Hour for programming hour, Mike Darnell may be the most intelligent, imaginative, and beguiling purveyor of television shit who’s ever lived. Darnell’s exit as head of “alternative entertainment” for the Fox network, announced last Friday, isn’t so much the end of an era as an occasion to take stock of a man who altered television every bit as much as any producer of adventurous TV. Over the past two decades, Darnell, 51, has proven to be the grotty Grant Tinker; the David E. Kelley of kitsch; the Matthew Weiner of wince.
It's been two days since Bill Hader announced his departure from Saturday Night Live, and already he's got company. The New York Post is reporting that Fred Armisen, who was said to be pondering his exit for a while now, has locked it in internally: "A source at NBC has confirmed to The Post that, after months of rumors, veteran performer Fred Armisen will ... be leaving the show." Oh, also: "Headliner Jason Sudeikis will 'probably' jump as well, the source said." If you're counting at home: That's Hader, Armisen, Sudeikis, and Seth Meyers all dunzo. Time to panic?!
But first, a moment of appreciation. In the 11 years he's been on the show, Fred Armisen has done everything. Partially, that's thanks to his indeterminate ethnic background (for the record, 1/2 Venezuelan, 1/4 German, 1/4 Japanese). Mostly, though, it's skills: Goofy, evil, sappy, clueless, female — Armisen can do 'em all. He was the go-to for dead-panning Middle Eastern dictators or Jewish New York billionaire mayors or brilliantly hacky Latin American drummer/percussionists. He turned New York Governor David Paterson into a gleefully self-aware, New Jersey–loathing maniac, and did it so well he somehow got away with blind jokes. I mean, the guy did Obama! And it was passable! In his later years, as he swallowed up more and more screen time, Armisen became, by default, a marquee name. But it wasn't like with Hader or Sudeikis; nobody was claiming Fred as their favorite cast member. Fred Armisen was one of the greatest utility men in the history of the show.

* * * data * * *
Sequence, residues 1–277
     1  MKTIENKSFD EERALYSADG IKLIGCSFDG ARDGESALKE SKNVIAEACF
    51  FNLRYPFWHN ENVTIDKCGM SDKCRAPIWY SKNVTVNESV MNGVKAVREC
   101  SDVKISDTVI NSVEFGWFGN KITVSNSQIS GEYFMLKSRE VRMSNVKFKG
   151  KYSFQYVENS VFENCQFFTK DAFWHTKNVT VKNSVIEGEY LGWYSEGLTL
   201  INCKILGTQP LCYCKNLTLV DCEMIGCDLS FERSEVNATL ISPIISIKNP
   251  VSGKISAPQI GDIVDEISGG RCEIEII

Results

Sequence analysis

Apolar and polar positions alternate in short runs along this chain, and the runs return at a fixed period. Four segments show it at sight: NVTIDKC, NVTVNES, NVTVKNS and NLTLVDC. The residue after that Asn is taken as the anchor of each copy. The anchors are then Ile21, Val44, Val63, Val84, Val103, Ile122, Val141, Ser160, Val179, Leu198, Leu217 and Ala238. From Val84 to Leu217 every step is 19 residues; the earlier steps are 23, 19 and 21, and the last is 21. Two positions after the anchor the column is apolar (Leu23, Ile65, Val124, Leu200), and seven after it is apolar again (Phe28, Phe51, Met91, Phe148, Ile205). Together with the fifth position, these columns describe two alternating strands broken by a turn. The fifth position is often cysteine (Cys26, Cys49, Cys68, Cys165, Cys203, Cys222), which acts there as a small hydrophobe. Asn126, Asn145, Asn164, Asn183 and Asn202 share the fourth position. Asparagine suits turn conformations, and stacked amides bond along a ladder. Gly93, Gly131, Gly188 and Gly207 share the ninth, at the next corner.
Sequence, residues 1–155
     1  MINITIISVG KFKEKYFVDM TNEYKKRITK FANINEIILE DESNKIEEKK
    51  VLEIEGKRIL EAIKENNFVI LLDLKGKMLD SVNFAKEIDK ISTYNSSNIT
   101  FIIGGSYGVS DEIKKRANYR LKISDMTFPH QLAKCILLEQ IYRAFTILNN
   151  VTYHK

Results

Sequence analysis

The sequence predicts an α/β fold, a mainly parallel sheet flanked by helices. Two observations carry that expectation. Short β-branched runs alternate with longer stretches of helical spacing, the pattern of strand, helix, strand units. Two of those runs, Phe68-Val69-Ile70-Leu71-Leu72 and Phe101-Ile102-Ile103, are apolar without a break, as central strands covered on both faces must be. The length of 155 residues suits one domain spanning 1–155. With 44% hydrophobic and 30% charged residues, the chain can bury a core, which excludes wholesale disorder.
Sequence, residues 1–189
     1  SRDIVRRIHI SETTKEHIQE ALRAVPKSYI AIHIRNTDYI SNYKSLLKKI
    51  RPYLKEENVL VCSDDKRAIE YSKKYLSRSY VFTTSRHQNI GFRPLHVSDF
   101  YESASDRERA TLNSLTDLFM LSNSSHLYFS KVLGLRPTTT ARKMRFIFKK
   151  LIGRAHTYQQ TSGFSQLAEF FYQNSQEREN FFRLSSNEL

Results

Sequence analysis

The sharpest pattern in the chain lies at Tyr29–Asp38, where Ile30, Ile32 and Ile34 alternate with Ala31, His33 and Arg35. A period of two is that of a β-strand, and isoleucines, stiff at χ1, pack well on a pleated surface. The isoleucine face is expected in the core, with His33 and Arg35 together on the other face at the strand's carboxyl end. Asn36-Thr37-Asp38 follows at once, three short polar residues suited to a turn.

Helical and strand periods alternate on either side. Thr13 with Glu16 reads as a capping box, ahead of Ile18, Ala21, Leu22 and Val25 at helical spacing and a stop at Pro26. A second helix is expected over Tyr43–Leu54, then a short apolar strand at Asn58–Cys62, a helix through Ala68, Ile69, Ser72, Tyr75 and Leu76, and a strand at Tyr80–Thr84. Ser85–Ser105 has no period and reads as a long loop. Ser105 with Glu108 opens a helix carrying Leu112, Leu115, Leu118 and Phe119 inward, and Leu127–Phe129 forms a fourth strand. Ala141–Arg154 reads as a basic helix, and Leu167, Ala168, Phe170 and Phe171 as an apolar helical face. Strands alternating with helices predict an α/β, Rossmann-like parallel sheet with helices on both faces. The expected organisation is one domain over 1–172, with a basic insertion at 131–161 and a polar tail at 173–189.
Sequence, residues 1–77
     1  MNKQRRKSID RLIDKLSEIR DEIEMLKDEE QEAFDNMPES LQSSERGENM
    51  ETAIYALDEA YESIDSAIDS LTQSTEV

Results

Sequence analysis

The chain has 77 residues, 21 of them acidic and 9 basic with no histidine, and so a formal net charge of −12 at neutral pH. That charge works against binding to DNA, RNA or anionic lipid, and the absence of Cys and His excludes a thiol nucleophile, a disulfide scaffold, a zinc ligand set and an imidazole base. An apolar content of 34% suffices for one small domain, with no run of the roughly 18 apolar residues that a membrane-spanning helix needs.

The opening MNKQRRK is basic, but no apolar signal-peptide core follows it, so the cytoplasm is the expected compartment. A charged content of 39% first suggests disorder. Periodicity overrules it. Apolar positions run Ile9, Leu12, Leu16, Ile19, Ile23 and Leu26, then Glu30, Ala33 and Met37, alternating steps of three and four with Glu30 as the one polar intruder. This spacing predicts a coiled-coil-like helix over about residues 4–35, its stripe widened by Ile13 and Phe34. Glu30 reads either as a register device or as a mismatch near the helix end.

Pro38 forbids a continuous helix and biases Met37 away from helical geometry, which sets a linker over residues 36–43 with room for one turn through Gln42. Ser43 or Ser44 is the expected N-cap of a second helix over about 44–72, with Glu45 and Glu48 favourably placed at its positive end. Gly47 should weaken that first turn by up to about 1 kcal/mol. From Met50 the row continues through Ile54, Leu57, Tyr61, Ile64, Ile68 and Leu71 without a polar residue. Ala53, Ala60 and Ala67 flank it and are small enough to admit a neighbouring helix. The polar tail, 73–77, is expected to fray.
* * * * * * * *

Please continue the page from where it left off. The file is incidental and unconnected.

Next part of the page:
First there was the underrated Paul Brittain, dipping mid-season and, tragically, taking "Sex" Ed Vincent with him. Next came Kristen Wiig and Andy Samberg, two SNL giants saying good-bye in proper fashion before heading off to post-Oscar-nom-glory and "who really knows? Hopefully Hot Rod 2?," respectively. Following in their footsteps out the door at Saturday Night Live, most had assumed, would be Jason Sudeikis, who'd already clocked nine seasons at Studio 8H (that's counting two in the writer's room) and had been busy turning his particular brand of charming smugness into Hollywood paychecks for the past few years now. Most recently, he'd told the L.A. Times that he'd return if he got "the opportunity to use creative muscles that ... haven't been asked of me for the first nine years. It could be some sort of title change ... [It's a] desire to give more to a place I really believe in. To stay just for the juice of being in the public eye — of [impersonating] Mitt Romney — is not enough." But guess who's beaten Sudeikis to the punch? Why, it's Abby Elliott!
As has been reported in a couple of places, Lane Brown will be leaving Grantland in a couple of weeks to take a job as culture editor for New York Magazine. We couldn’t be happier for him. Lane was instrumental in building this site into what it is today, and as hard as it is to imagine this office without him, we appreciate everything he did and wish him luck in the brave new frontier of “print." Call us crazy, but we think it has a future.